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Morgan State University Announces Film Production Internship

Morgan State University, 40 Acres & a Mule and the Gersh Agency partnered to create internship opportunities for HBCU graduates.

Bridge leading to Morgan State University SGJC. (Photo courtesy of Yogesh Patel)

Spike Lee’s 40 Acres & a Mule Filmworks and the Gersh Agency have collaborated with Morgan State University to establish an internship program that can lead to a full-time position within the film industry.

This partnership with Morgan State University’s School of Global Journalism and Communication (SGJC) aims to enhance the pipeline of historically Black colleges and university (HBCU) graduates working in the film industry.

Starting in summer 2024, one SGJC student will be selected to participate in an eight-week New York or Los Angeles-based internship. The intern will work alongside producers to study film production, help craft and edit scripts and learn the mechanics of making feature films and television programs.

The internship program and partnership with Morgan State’s SGJC was created by Morgan State alumnus Steven Jackson, who serves as head of production and development for 40 Acres & A Mule Filmworks, and Jayson Council, head of culture for The Gersh Agency.

“We just finished visiting the campus and meeting prospective students. We conducted a round of interviews to narrow it down, and we’re going to announce the student soon,” Jackson said. 

Jackson discussed his motivation behind creating the internship, the future of the program and advice for students at HBCUs, which are primarily based in southern and east coast states, who are looking to make the transition to industries on the West Coast, such as Hollywood and Silicon Valley. 

According to McKinsey & Company, only 6 percent of the writers, directors and producers in U.S.-produced films are Black. The film and TV industry remains disproportionately white. 

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Ajoi Adams, a sophomore TV and film major from Atlanta, Georgia, is thrilled for Morgan State students and hopes that they take advantage of this partnership.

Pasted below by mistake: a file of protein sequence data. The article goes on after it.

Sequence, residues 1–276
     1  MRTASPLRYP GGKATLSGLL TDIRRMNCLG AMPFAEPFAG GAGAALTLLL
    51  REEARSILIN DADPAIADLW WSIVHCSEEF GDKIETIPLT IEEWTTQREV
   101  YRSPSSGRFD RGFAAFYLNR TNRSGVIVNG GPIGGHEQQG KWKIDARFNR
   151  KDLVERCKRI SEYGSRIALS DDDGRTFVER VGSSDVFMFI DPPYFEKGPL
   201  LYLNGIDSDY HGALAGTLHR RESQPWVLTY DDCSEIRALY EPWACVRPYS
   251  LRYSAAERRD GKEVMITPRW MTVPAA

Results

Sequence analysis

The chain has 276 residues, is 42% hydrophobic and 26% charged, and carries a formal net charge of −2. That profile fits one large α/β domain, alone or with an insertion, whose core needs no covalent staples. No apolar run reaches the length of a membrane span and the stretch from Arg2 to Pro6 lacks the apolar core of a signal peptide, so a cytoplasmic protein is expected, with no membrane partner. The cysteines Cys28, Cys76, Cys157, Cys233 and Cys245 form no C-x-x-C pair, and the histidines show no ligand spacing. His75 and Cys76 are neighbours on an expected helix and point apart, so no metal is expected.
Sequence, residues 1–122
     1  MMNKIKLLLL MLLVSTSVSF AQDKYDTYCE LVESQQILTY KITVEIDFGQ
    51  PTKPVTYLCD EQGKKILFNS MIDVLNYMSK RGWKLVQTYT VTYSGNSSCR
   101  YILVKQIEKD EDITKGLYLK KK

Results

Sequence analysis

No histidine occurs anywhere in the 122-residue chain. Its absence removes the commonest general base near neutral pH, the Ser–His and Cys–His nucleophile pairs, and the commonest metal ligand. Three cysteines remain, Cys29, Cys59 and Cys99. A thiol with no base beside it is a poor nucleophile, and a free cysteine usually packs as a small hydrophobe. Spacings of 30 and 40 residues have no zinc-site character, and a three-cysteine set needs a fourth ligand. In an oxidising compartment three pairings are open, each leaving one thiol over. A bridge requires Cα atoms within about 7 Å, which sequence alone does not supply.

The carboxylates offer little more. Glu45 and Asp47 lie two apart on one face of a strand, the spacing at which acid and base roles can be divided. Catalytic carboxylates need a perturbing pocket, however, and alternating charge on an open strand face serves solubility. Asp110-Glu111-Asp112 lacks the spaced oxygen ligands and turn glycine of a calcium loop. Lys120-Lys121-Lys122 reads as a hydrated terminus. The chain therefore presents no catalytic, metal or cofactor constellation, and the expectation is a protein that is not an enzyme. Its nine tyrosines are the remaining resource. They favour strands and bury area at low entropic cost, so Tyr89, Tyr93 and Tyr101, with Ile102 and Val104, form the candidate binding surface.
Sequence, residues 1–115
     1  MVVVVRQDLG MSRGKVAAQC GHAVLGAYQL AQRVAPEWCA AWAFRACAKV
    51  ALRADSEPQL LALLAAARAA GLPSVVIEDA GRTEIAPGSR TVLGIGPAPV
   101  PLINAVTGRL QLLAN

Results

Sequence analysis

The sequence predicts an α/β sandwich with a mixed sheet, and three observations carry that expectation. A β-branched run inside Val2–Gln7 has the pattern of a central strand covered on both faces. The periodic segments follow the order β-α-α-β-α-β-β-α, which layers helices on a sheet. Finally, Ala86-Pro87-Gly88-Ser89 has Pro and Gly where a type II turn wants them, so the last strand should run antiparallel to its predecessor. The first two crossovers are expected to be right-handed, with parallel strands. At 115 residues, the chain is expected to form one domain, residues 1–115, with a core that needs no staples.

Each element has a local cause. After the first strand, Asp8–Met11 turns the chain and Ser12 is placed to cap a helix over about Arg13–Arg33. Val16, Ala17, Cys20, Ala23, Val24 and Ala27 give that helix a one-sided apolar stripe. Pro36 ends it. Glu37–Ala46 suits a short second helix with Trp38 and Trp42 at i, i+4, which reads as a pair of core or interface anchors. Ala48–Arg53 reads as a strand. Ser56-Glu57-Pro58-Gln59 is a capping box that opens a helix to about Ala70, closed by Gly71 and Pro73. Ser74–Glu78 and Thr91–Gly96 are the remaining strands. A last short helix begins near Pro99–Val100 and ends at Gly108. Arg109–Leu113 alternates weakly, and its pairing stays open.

“I think this partnership will create meaningful connections that will prepare students for the challenges and opportunities they’ll encounter in the industry,” Adams said.

Adams is delighted that other HBCUs are receiving fantastic opportunities, no matter the popularity or size.

“I think the internship will implore more diversity within the film industry. Having big-name companies and big-name people come to HBCUs gives us a great head start,” Adams said. 

Jackson said that when he began graduate school at the University of Southern California, he noticed that many of his classmates were aware of the LA job market, so he thought of ways to help future young professionals. 

“Many people were aware of how the system worked, whether they went to film school, USC or UCLA. As someone who attended Morgan State, an HBCU in Baltimore, I felt like there could be other tangible professional experiences in media industries in addition to journalism,” Jackson said. 

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As an undergraduate at Morgan State University, Jackson was a member of a Louis Carr Foundation (LCF) internship program, which provides up to 12 paid summer internships to undergraduate students of color studying communications. 

“I was in LA for a summer and worked at the BET Awards,” Jackson said.  

Morgan State University School of Global Journalism and Communications (SGJC). (Photo courtesy of SGJC). 

Jacob A. Smith, a junior television and film major and theater tech minor at Howard University from Columbus, Ohio, said this program is exactly what television and film majors need. 

“Having the opportunity to be exposed to the world of entertainment before graduating is crucial in not only cultivating skills to succeed within someone’s career, but also in developing a strong network of industry professionals and peers that could assist you, and vice-versa, in your career journey,” Smith said. 

Smith highlighted the lack of HBCU representation in the film industry and the importance of reshaping the portrayal of Black and other marginalized communities. 

“A pipeline that connects HBCU scholars to the industry they aspire to work in is essential in changing the representation of Black and other underrepresented communities, in front of and behind the scenes, to a more positive narrative by putting more of these creatives in decision-making positions,” he said. 

Jackson said that the hesitation that some students may have with moving across the country is not a factor that students should avoid, because with jobs in Hollywood, you “may feel as if you’re about to jump out of an airplane every day.”

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“I would say just do it, even though many people are nervous or scared to be far away or in a city that they’ve never been to,” he said. “You never know who you’re connected to that can help you and the world is smaller than you think.”

Jackson hopes the internship program will grow to include other HBCUs in the future. He said that the partnership with Morgan State was modeled after his LCF internship experience.

”Hopefully, the program will grow to where we can support up to ten students with housing and stipends,” Jackson said. 

Copy edited by Jalyn Lovelady

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